(Reuters) - Michael Kors Holdings Ltd KORS.N reported a bigger-than-expected drop in quarterly comparable sales as fewer shoppers visited malls and a strong dollar discouraged tourists from spending on its handbags and accessories.
Shares of Kors, which also forecast current-quarter sales below analysts’ expectations, were slightly higher in volatile trading on Wednesday after falling as much as 3 percent earlier.
U.S. retailers have been hurt as shoppers turn to the internet, reducing their visits to malls.
Luxury goods makers such as Kors and rival Coach Inc COH.N have also tightened supply to department stores to avoid deep discounting on their products, which they fear will erode their brand value.
From next year, Kors will stop participating in store-coupon promotions by North American retailers, Chief Executive John Idol said. “We will be removing ourselves from all of the department store ‘friends and family sales’ as well.”
Sales in Kors' wholesale business, which supplies to department stores including Macy's Inc M.N and Neiman Marcus, declined 7 percent in the first quarter.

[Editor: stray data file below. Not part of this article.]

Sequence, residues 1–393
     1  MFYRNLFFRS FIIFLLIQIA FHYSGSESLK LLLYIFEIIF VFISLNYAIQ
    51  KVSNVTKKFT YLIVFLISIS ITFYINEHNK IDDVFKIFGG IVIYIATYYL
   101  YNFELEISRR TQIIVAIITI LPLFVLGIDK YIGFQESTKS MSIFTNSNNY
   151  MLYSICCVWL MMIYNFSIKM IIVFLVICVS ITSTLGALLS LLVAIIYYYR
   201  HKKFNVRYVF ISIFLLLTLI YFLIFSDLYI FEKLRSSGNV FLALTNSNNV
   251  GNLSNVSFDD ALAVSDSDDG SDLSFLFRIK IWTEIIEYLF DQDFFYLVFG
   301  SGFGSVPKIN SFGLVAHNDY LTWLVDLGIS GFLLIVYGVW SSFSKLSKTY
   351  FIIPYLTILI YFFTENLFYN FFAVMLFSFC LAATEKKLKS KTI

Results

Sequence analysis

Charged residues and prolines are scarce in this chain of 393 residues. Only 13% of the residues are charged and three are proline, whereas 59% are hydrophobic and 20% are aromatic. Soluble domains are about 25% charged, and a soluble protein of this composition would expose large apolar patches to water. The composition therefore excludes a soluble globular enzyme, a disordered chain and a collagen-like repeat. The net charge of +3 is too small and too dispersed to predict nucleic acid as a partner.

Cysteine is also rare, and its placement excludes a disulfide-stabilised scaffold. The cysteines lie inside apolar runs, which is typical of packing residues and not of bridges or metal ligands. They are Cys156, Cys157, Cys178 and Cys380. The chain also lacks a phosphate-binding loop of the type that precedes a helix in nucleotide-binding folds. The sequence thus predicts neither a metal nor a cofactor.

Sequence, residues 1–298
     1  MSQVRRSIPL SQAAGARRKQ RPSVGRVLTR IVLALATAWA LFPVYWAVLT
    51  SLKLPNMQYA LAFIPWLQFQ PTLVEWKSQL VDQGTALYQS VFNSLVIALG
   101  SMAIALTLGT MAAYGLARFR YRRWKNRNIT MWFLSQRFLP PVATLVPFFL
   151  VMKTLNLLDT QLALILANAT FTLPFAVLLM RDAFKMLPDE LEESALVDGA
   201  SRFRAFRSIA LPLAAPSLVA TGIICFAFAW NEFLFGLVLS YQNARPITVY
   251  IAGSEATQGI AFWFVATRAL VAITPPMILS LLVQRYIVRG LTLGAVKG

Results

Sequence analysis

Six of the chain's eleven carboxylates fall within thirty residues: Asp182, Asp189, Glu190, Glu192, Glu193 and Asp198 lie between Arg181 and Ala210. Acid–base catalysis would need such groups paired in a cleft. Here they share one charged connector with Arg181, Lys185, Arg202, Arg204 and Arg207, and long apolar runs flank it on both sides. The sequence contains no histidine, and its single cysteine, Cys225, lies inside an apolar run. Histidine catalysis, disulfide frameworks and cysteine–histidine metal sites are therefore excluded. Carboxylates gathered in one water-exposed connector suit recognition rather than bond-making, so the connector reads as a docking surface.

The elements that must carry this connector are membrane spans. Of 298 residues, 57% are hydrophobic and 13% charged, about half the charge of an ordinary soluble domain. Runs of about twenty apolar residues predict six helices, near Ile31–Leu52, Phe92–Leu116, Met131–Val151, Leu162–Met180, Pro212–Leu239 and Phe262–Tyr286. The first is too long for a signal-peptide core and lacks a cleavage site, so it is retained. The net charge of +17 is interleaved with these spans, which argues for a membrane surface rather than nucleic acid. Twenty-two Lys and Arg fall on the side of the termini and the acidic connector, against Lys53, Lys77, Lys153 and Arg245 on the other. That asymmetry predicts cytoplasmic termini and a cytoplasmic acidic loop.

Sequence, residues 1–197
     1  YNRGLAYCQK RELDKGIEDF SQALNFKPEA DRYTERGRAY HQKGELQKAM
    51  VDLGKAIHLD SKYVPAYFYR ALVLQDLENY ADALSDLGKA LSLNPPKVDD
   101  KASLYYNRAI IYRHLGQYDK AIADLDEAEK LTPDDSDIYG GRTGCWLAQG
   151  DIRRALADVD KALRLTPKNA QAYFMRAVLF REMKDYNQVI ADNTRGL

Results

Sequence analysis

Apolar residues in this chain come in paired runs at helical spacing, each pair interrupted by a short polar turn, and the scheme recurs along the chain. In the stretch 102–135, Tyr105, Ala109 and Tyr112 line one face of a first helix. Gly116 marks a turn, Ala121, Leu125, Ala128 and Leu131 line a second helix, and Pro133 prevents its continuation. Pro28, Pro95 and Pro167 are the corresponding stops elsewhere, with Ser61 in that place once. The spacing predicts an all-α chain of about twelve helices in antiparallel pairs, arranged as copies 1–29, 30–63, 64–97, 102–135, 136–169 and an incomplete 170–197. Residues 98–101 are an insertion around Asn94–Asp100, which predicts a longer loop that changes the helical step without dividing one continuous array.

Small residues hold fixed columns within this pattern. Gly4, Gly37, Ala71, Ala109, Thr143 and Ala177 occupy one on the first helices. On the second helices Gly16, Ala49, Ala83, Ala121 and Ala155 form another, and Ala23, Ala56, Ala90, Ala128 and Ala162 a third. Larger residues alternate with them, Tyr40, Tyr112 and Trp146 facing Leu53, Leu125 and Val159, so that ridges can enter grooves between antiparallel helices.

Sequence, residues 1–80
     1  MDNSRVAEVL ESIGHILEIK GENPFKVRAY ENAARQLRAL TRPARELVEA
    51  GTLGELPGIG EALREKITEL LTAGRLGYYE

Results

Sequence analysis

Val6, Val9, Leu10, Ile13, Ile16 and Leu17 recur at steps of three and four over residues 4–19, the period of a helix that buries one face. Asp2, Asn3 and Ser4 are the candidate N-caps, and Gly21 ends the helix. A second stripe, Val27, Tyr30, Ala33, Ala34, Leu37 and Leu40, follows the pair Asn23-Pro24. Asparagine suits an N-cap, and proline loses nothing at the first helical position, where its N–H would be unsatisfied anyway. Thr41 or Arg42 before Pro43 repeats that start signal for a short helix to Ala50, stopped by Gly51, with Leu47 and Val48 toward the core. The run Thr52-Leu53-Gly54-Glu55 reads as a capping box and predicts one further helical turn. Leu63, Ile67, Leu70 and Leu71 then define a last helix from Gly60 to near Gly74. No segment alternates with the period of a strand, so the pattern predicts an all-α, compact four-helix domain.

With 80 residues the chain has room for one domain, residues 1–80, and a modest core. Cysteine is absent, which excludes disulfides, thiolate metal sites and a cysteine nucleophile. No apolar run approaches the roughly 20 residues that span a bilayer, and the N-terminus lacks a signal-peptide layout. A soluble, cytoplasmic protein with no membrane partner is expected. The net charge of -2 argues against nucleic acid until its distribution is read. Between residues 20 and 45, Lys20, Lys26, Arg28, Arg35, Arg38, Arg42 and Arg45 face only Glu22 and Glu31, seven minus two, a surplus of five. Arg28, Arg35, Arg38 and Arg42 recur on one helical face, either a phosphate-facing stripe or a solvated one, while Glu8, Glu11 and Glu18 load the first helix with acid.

Sales at stores open more than a year slumped 7.4 percent, a drop bigger than the 4.7 percent analysts had expected, according to research firm Consensus Metrix.
Kors forecast revenue of $1.07 billion-$1.09 billion for the second quarter, below the average analyst estimate of $1.11 billion, according to Thomson Reuters I/B/E/S.
Its profit forecast of 84-88 cents per share was also below the average estimate of $1.03.
Kors, whose comparable sales have dropped in five of the past six quarters, expects a mid single-digit percent decline in the current quarter.
Kors’ revenue rose slightly to $987.9 million in the quarter ended July 2, beating the average estimate of $953 million.
Demand increased in Europe, mainly for “cross-bodies, small leather goods and athletic footwear”, while handbag and watch sales weakened, Idol said.
However, customer visits slowed in its UK stores due to economic uncertainty after Britain voted to exit the European Union. Slowdown in tourism in France after recent attacks also hurt sales in Europe, he said.
Kors said it would open stores in Seoul and Singapore this fall to expand in Asia, its fastest-growing market.
Net income dropped 15.7 percent to $146.3 million, or 83 cents per share. Excluding items, Kors earned 88 cents per share, topping the average estimate of 74 cents.
The company’s shares were trading at $50.26. Up to Tuesday’s close, the stock had risen by about a quarter this year.
Reporting by Jessica Kuruthukulangara and Subrat Patnaik in Bengaluru; Editing by Kirti Pandey
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